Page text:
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The Broadcasting Complaints Commission is to defend its adherence to complaint time limits in the High Court, says Roger Pearson.
The Broadcasting Complaints Commission's rigid adherence to time limits within which complaints must be made is to come under High Court scrutiny.
Countess Ilona Esterhazy, a mental health consultant, is taking the commission to court to challenge its insistence that complaints should be launched within three months.
Esterhazy complained to the commission after a BBC Radio 4 Face the Facts documentary last year which she claims wrongly branded her as dishonest and hypocritical.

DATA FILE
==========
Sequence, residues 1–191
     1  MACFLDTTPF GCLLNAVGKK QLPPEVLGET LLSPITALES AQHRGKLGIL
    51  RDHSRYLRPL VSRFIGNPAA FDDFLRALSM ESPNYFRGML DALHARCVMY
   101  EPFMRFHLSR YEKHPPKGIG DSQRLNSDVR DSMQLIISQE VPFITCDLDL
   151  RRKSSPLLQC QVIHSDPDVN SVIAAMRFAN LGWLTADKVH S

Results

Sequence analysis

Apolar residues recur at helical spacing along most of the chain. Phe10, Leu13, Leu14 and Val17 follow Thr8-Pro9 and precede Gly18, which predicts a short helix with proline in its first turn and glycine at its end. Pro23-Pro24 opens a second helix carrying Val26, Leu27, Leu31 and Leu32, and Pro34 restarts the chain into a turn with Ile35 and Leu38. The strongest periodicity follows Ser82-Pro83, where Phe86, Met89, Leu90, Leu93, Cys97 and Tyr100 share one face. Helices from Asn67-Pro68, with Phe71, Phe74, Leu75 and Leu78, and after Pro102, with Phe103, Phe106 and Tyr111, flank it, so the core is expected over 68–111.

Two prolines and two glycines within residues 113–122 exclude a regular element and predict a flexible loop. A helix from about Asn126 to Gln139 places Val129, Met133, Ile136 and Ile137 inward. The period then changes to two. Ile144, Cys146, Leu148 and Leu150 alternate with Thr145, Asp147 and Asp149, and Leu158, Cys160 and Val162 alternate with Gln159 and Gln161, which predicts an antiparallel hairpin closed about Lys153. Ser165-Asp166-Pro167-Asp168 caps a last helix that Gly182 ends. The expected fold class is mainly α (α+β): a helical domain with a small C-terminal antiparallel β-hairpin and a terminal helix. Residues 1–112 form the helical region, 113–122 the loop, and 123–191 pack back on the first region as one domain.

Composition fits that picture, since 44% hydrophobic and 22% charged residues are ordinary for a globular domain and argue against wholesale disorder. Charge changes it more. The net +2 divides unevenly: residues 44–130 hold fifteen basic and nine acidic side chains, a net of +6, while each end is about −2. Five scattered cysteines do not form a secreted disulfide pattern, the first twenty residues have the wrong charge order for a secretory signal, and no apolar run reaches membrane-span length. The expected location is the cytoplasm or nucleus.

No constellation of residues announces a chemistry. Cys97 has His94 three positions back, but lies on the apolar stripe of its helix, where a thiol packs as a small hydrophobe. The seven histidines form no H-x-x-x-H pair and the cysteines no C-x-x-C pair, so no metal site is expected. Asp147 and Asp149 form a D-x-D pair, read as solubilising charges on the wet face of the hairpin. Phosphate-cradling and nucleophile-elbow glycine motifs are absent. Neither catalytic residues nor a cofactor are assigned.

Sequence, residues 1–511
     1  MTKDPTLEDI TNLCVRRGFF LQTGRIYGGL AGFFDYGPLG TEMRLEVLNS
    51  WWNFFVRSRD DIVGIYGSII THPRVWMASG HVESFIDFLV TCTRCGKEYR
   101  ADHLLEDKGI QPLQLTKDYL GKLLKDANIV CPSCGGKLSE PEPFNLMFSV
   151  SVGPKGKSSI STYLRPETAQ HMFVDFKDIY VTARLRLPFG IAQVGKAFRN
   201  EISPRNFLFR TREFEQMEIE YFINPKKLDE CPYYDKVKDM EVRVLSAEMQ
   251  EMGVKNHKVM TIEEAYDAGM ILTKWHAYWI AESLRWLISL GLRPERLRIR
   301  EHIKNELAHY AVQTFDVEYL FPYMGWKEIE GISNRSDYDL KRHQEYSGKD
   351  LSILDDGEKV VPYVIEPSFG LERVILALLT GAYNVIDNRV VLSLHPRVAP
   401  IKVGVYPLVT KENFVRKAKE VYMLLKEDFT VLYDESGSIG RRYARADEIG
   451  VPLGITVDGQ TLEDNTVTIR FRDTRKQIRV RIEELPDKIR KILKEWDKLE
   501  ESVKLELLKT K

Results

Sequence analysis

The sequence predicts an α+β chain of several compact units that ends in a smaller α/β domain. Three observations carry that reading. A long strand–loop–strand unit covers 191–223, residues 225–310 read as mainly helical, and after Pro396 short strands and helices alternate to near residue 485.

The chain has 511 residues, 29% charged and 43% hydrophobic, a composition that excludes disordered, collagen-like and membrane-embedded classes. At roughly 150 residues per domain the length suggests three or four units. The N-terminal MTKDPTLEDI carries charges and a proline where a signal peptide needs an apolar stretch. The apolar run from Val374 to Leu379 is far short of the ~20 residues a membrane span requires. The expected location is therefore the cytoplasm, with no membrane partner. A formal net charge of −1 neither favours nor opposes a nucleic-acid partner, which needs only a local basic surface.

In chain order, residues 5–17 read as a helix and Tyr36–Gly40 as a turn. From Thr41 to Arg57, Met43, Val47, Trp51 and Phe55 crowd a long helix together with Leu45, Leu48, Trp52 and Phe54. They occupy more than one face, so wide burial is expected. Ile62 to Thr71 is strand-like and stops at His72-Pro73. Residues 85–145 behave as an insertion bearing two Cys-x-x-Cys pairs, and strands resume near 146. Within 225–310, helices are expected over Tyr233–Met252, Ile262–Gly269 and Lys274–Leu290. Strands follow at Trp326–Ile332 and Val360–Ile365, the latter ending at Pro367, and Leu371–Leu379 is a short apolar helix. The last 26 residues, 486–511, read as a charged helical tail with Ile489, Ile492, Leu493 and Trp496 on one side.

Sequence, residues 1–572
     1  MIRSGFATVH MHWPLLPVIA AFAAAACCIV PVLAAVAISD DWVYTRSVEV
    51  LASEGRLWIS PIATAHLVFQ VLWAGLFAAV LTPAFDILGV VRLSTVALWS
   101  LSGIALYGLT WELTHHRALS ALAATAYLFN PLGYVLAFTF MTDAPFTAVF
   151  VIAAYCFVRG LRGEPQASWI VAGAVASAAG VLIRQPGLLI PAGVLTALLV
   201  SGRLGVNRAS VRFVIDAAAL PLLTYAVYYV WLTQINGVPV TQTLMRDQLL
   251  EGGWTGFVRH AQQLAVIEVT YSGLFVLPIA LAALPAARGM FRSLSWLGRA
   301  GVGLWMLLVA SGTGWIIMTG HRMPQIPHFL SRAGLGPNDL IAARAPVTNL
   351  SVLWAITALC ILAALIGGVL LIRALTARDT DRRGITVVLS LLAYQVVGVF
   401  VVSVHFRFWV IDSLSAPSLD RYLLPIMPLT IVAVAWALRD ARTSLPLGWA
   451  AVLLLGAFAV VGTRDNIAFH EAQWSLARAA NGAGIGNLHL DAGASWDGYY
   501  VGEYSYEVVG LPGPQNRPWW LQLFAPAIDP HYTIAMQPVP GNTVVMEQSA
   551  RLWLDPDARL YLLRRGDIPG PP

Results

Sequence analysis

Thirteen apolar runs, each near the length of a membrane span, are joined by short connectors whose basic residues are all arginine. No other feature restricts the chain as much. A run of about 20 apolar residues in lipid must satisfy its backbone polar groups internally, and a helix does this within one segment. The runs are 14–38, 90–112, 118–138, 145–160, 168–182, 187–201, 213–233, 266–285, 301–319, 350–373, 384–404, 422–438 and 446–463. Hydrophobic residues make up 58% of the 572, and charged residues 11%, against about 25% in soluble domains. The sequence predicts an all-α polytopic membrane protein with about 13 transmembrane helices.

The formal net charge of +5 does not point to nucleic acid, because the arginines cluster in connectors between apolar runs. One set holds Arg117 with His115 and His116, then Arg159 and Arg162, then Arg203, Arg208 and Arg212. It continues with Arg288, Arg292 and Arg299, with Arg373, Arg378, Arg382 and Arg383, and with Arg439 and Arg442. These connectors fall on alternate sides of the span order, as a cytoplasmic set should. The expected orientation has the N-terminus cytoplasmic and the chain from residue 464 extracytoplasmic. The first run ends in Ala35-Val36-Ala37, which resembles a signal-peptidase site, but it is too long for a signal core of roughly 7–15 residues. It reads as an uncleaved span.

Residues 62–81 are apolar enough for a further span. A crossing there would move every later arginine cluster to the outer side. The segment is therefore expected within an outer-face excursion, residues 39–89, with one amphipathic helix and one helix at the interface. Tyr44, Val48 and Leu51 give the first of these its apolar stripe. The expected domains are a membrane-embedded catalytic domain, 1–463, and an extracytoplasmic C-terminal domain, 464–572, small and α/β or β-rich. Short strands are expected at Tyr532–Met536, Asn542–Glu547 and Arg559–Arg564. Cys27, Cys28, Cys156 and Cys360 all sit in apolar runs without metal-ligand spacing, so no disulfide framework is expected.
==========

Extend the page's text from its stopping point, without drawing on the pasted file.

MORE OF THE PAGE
It was alleged in the programme that she did not pay her bills, incorrectly described herself as a middle-European countess, misconducted herself as a trustee of a mental health charity and was generally dishonest in her business and in her charitable affairs.
However, the commission refused to hear her complaints. It ruled, without considering the merits of her complaints, that she had left her approach to it too late because by the time her complaint reached the commission it was outside the normal three-month time limit for such complaints to be made.
But Esterhazy has now won the right to challenge the commission's stance. Her lawyers argue that it "wrongly fettered" its discretionary power to hear genuine complaints, even if they were brought after the normal time limits had elapsed.
Leave for the appeal was granted by Mr Justice Popplewell. However, he warned that although Esterhazy's application for judicial review of the commission's decision can go ahead she should not take this to mean that she would win when the case finally reaches a full hearing.